, Ensign Professor of Medicine (Digestive Diseases) and Emeritus Director, Yale Liver Center, received the International Recognition Award from the European Association for the Study of the Liver during the 2020 Digital International Liver Congress.
“This award is particularly meaningful to me since, in no small part, it is not just recognition for a lifetime of work,” said Boyer. “But also honors our Liver Center and its faculty and the many postdoctoral fellows, whom as I said in my thank you remarks have not only done the work but many have been or are current leaders in our field in their own right and of whom I am very proud.”
Boyer first came to Yale to finish his residency in Medicine at Yale New Haven Hospital and to pursue a postdoctoral fellowship in hepatology under Gerald Klatskin, MD. He later went on to serve as Section Chief of the Section of Digestive Diseases for nearly 15 years, and create the Yale Liver Research Center, which he directed for 25 years.
“Jim is perhaps the world’s leading expert in how bile is formed and the various ways in which liver diseases cause this to go awry. Over the course of his distinguished career, he furthermore has trained many individuals from around the world who themselves have gone on to become leaders in liver research. And a number of these people have told me that the best years of their lives were the time they spent in New Haven under Jim’s tutelage,” said Yale Liver Center Director, Michael H. Nathanson, MD, PhD. “Nearly 40 years ago, Jim also established the Yale Liver Center, which has and continues to foster liver research here. The Center currently has over 80 members, collectively engaged in virtually every type of liver research, and continues to ensure that Yale is one of the leading institutions for liver research worldwide. Succinctly, Jim is the kind of person that makes Yale the great place that it is.”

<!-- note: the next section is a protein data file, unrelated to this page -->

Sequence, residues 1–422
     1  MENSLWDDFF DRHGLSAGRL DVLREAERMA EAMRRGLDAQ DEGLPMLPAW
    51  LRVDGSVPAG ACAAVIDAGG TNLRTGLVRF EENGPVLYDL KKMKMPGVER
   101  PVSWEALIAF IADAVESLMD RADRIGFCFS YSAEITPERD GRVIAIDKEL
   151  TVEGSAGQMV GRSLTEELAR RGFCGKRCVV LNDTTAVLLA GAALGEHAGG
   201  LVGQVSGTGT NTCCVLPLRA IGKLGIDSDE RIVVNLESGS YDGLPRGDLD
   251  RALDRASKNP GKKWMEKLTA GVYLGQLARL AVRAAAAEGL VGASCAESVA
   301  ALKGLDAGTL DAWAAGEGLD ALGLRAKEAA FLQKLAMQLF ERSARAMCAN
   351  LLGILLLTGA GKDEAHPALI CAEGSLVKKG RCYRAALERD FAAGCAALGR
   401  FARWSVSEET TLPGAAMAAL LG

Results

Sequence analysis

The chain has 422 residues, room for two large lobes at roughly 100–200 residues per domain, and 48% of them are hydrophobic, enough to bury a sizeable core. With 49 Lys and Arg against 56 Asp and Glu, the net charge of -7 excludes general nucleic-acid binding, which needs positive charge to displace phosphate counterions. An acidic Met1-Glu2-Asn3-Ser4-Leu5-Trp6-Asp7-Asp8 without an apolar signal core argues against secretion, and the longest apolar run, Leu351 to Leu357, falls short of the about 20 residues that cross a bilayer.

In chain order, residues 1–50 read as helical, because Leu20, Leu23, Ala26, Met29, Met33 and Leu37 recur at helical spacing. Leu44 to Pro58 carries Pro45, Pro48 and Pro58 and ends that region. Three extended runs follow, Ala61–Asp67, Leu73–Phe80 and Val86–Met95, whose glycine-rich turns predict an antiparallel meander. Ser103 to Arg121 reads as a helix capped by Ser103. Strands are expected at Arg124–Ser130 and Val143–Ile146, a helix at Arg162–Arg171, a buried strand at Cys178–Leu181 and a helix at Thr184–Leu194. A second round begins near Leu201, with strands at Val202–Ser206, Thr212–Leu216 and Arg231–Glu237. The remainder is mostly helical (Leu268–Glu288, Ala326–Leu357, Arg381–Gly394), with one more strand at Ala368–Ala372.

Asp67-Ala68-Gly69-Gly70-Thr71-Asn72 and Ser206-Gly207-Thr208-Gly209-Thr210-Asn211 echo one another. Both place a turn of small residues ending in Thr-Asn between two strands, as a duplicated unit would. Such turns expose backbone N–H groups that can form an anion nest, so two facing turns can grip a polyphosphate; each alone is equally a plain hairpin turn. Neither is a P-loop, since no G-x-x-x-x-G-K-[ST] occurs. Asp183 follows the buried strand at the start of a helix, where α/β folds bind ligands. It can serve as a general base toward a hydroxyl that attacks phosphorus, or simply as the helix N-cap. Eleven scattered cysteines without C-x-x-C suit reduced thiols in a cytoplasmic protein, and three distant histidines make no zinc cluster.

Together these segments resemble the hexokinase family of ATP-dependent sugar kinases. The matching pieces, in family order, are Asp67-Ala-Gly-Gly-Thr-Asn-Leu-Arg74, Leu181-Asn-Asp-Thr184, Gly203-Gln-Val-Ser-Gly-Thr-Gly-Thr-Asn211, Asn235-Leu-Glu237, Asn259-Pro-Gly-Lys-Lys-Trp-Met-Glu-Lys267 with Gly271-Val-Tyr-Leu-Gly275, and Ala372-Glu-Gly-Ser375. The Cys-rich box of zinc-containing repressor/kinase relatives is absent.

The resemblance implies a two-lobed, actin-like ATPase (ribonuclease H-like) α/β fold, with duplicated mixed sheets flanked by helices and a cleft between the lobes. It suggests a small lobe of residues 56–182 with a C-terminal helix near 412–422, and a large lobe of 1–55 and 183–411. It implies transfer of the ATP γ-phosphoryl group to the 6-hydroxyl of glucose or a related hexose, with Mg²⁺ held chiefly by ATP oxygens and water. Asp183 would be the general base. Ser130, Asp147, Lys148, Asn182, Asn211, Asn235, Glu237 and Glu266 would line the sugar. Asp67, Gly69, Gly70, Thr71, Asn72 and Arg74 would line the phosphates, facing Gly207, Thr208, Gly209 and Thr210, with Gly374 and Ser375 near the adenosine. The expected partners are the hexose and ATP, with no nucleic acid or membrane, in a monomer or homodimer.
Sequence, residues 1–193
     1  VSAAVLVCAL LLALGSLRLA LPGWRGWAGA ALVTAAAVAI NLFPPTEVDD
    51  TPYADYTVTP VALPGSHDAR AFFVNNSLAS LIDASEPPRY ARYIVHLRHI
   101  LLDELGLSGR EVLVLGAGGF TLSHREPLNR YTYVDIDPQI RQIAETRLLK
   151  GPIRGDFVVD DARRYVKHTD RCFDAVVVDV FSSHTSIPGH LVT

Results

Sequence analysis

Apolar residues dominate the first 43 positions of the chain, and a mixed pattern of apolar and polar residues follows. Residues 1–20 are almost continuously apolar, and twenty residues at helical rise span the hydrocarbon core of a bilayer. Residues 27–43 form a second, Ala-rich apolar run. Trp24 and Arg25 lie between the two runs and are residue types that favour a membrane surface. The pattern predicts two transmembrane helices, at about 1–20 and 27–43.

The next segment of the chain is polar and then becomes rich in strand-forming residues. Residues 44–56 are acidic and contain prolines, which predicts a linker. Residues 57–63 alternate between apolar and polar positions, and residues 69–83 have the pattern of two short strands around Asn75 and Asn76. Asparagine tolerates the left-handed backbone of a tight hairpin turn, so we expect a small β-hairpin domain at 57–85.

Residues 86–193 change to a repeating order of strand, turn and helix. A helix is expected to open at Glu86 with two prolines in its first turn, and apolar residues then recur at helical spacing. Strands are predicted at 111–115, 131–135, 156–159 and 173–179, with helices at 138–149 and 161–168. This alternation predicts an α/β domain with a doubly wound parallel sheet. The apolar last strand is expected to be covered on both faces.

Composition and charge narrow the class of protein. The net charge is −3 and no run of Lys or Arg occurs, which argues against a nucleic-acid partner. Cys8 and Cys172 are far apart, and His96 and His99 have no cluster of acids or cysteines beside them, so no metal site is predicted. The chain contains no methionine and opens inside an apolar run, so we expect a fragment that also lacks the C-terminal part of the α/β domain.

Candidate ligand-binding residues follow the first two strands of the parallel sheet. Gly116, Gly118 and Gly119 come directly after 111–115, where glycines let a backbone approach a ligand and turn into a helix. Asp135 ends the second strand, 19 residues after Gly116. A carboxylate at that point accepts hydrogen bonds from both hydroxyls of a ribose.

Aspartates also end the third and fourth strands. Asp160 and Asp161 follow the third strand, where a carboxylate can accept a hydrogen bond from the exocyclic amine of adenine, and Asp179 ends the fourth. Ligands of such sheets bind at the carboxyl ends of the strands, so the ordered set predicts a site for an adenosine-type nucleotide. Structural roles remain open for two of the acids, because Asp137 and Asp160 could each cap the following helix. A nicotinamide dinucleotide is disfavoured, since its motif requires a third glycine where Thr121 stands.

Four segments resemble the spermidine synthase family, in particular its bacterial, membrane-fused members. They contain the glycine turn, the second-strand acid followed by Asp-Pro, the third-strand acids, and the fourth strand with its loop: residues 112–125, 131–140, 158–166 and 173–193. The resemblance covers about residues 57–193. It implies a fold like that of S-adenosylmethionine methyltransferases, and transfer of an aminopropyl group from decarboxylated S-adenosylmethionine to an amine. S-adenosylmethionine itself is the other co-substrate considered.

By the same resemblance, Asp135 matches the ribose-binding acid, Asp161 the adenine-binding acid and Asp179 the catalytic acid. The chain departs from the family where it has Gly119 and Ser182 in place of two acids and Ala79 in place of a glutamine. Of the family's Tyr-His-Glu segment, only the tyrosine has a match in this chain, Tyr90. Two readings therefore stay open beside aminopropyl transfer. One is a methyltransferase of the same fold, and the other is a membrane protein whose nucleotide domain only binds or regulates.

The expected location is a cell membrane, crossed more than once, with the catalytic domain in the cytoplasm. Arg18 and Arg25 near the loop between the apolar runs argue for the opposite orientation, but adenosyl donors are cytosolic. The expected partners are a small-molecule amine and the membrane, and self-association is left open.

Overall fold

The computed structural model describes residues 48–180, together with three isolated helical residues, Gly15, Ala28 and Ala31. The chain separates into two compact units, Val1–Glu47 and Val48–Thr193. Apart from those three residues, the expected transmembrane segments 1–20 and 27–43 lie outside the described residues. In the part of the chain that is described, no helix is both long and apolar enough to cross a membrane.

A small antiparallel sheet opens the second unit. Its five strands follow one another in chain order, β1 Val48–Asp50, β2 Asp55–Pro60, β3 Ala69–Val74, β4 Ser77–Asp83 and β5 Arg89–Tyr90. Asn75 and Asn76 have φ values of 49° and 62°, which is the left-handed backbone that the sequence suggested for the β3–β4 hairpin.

Longtime colleague, calls Boyer’s impact “tremendous.”
“In the field of hepatology, Jim has helped us understand how the liver makes bile and the pathogenetic mechanisms of the diseases that leads to impaired bile production or derive from impaired bile production (cholestatic diseases). It was, and is, a very difficult question to address, but Jim’s ability to understand new technologies and apply them to the liver has made the difference. Jim is also an astute physician and a master hepatologist, and therefore he is a role model for physician scientists. He is an awesome mentor and thanks to his leadership Yale Liver has risen to international preeminence. Jim is also an extraordinary example of scientific longevity, being still very active and still generating original observations. The secret? A deep love for science in general and for experimental hepatology in particular,” said Strazzabosco.
The Journal of Hepatology.
Since forming one of the nation’s first sections of hepatology and then gastroenterology over 50 years ago, Yale’s Section of Digestive Diseases has had an enduring impact on research and clinical care in gastrointestinal and liver disorders. To learn more about their work, visit